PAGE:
I like to jokingly refer to games like Fernz Gate as “new old". I've been playing every type of roleplaying game I could get my hands on (Western, Japanese, tabletop) since the early 90’s, so I've been lucky enough to get to experience all the greats during their prime, in all their innovative, pixelated glory. With its turn-based battle system and slick 32bit style pixel graphics, Fernz Gate is a game that would have felt right at home on PlayStation 1. So even though it's technically a new title, it possesses the old soul of a past generation. I can almost envision this game in CD format, sitting in a hard plastic jewel case with a colorful, artwork-laden instructional booklet nestled comfortably in the front. New old: it's a lot more fun than saying “retro-style" all the time haha.
I will say this about the characters: it takes a bit of time to get used to them, but as the game progressed and it started to delve into their backstories I found myself getting attached to them. There are a few stereotypical cliches (Alex is one of those reluctant hero types) that can feel a little dated, but the way they interact with each other is pleasant. Due to the publisher's request, that's all I'm going to say about the plot and character growth at this time.
Also worth mentioning is that characters don’t use mp for their skills, as is the trend in most JRPGs. Instead, each skill has a cooldown period in which you must wait before being able to use the skills again. This goes for both magic and physical skills. The way you learn new magic is interesting as well. By equipping an elemental ring, you can start earning SP after battles to level up that specific element, which then provides you with more powerful spells. Once the ring is unequipped, though, you lose access to that spell set until the appropriate ring is re-equipped. Most of the spells and skills you learn can be leveled up by repeated use, increasing their potency. You can also unleash hidden powerful spells by using certain magic combinations with your buddy during battles. If you’re the kind of person who enjoys grinding and maxing out things, then you got a lot of work to do here.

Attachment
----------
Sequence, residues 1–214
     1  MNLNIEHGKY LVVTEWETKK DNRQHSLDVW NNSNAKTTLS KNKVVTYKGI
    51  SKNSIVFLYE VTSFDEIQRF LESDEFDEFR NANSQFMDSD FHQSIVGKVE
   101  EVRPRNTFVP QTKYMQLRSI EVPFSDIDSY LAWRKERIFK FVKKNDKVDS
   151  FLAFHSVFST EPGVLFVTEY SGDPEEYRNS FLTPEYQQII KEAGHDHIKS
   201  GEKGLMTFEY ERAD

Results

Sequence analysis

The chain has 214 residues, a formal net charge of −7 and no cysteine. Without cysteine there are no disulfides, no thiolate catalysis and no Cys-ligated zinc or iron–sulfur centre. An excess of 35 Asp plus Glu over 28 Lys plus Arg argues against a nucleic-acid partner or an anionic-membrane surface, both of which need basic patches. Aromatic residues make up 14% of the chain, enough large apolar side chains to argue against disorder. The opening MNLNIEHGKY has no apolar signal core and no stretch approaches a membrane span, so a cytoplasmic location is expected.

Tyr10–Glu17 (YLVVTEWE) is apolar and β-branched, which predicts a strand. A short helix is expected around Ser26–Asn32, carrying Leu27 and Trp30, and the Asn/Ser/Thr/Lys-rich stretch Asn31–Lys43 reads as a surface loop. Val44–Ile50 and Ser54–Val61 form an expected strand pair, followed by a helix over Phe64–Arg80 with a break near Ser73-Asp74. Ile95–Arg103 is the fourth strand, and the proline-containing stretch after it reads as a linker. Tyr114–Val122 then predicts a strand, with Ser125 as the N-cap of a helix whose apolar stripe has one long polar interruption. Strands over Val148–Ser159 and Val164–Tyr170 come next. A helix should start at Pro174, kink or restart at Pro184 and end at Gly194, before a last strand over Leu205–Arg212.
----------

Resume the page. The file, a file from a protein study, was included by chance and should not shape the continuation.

Another cool mechanic is the secret house that you gain access to later on. It can be accessed at any time through the menu and it allows you to put your extra buddies to work! You have six rooms that can be converted into three different options: planters, doors, and stands. You can take the stat enhancing seeds you find and plant them in the planters to receive fruit after a certain amount of game time passes. You gain multiple fruits per seed, plus they offer bigger stat increases than a regular seed would. If you assign a buddy to a door, they go out on a mission and return with maid coins that can then be traded into the maid co-op for special items and equipment. If you assign a buddy to a stand, they offer special bonuses to your party in battle and they also earn experience. As long as a room is not in use, you can convert it to any type of room you need, so it’s quite a convenient thing to use.
My one major complaint with Fernz Gate is the framerate. While moving around on the field you’ll see an occasional stutter, but when you move diagonally or near certain areas of town, prepare to see a huge drop. After a while, you get used to seeing it and you can avoid the worst of it just by avoiding diagonal movement, but really, it’s a shame to have framerate issues in a title like this. If you are looking for a good JRPG to play, however, I wouldn’t let that put you off. With all it has going on for it, Fernz Gate is well worth the price for those looking for their JRPG fix, and it helps to fill a void in the Xbox One store’s lacking department for the genre.
Xbox Store Page
*Note: A copy of this game was provided for the purposes of the review.
Final Score: 8/10
+Nice retro-style graphics
+Decent variety of gameplay mechanics